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    There is no reason to feel "guilty" about not using slide films. Today's C-41 emulsions are being constantly improved, and have much greater latitude than slides. Although I personally use slide film, I do not harbor any resentment over those that use negative film, nor do I regret not using negative film.
     
  9. jslabovitz

    jslabovitz Member

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    I've been shooting B&W negatives for a long time, and recently decided to try to understand more about color.

    As an experiment, I ordered a few rolls of most of the color neg film out there (at least in 120, which is my primary format), both for landscapes and portraits. Ultimately I found two truths, for me: first, I just didn't like the colors of any of them. They were okay, but just didn't move me as much as a great B&W film. The "neutral" films (Kodak Portra NC, Fuji 160C/400H/Reala) were boring, and the saturated versions of those films were, well, too saturated. (Fuji 800Z was okay, but still not quite right.)

    Second, I had a bear of a time scanning! I know, neg film should be easier to scan, not harder, but every time I looked at the shadows, I just hated the grit in there. Not the same sort of thing as B&W grain, at all. Perhaps I need to expose color neg film more, but I used the same technique I've used for years with B&W, where my exposures tend to be just about right. (And I'm using an Imacon Photo, an excellent film scanner, so it's definitely not my gear.)

    I should also point out that my ability to color-correct, well, sucks. When I see the image the scanner's made for me of the color neg, I can see that it's wrong (and often is), but I have a really difficult time figuring out how to "fix" the colors. I can see they're not right, but something about the workflow just doesn't sit well with me & my brain.

    Recently I tried Fuji slide film, specifically Provia 400X. I totally love it! If I expose it correctly, the grain is aesthetically pleasing (or just not there at all), and the colors are just muted enough without being boring or bizarre. Scans were much easier and more right-on out of the scanner than the color negatives. (The Imacon has a great dynamic range, which probably makes it more suitable for transparencies than some lower-end scanners.)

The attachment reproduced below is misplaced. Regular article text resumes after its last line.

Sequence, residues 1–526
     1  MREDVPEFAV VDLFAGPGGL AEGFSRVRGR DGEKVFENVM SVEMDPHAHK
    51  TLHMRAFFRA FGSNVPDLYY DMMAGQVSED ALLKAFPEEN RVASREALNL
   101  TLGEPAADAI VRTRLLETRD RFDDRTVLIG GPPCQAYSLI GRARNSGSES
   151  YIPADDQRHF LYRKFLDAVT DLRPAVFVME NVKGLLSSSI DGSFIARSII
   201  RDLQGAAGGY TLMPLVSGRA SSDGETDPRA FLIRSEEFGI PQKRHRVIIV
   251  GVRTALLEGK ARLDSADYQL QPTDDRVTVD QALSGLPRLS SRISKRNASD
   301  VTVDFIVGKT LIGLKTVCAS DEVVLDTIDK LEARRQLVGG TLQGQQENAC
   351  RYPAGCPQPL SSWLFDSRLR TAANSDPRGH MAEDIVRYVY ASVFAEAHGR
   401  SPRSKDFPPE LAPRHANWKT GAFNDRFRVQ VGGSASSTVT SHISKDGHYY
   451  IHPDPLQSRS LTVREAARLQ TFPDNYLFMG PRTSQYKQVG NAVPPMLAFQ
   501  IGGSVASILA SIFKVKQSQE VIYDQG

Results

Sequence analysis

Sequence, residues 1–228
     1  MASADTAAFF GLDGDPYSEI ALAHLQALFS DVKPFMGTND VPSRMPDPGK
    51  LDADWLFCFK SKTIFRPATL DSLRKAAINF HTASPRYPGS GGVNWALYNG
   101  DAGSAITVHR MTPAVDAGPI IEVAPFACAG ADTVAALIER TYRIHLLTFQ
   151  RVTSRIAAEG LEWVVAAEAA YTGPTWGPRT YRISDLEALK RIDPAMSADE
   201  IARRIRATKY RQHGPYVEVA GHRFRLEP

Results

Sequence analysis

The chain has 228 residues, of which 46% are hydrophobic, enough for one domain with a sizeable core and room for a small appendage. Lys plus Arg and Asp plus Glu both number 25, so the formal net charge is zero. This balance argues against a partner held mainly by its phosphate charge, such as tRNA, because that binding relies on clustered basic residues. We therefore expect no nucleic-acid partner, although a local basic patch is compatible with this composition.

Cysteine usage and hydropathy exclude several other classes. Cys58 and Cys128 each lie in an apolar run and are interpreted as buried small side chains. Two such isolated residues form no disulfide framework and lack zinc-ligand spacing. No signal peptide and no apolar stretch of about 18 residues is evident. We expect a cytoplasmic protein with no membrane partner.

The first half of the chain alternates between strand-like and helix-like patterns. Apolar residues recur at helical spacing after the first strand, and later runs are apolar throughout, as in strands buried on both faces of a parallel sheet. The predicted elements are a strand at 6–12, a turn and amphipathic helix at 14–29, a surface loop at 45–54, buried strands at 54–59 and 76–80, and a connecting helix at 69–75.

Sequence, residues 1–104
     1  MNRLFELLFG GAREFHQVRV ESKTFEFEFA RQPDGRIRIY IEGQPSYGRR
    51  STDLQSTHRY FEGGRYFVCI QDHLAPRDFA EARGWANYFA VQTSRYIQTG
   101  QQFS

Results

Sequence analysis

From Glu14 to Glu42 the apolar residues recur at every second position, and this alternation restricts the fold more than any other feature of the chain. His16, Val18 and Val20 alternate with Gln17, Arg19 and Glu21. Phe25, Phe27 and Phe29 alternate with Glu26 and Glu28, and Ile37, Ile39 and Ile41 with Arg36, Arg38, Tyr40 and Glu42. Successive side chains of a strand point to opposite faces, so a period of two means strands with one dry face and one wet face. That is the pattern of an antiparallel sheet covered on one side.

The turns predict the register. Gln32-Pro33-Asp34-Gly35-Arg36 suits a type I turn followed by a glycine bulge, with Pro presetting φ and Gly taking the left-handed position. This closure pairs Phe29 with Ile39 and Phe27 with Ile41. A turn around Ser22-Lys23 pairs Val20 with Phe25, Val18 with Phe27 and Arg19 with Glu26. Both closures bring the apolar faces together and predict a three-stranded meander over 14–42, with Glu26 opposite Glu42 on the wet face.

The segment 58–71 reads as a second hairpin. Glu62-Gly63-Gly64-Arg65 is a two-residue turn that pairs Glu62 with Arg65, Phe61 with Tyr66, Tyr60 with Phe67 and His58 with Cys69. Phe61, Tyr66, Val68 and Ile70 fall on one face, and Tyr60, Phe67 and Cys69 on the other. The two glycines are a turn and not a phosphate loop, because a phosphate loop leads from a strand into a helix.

So, my reason for using slide film isn't about projection at all, but about the "feel" of the colors, ease of scanning, and the more accurate rendition.

    Granted, slide film isn't for everything. I still plan to shoot a lot of Neopan 400 in my rangefinder, and Acros and other slower-speed films on my Mamiya. I've got a Fuji S5 DSLR for low-light color and quick-turnaround jobs. But the Provia has a real place in my toolbox.
     
  10. domaz

    domaz Member

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    I do find slides much easier to scan than negatives. I scanned quite a few negatives but find slide film is just easier to get right.
     
  11. ntenny

    ntenny Member

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    In addition to the hybrid-workflow processes mentioned by jslabovitz, I don't like the short lifetime of colour print film. I'm mainly a b&w shooter, and I've gotten used to the idea that both prints and negatives should be hanging around in good condition for a hundred years or so if properly cared for. I'm not sure what the realistic lifetime of E-6 materials is in practice, but it's got to be longer than C-41.

    Also, medium-format transparencies just look delicious.

    -NT
     
  12. Tony-S

    Tony-S Member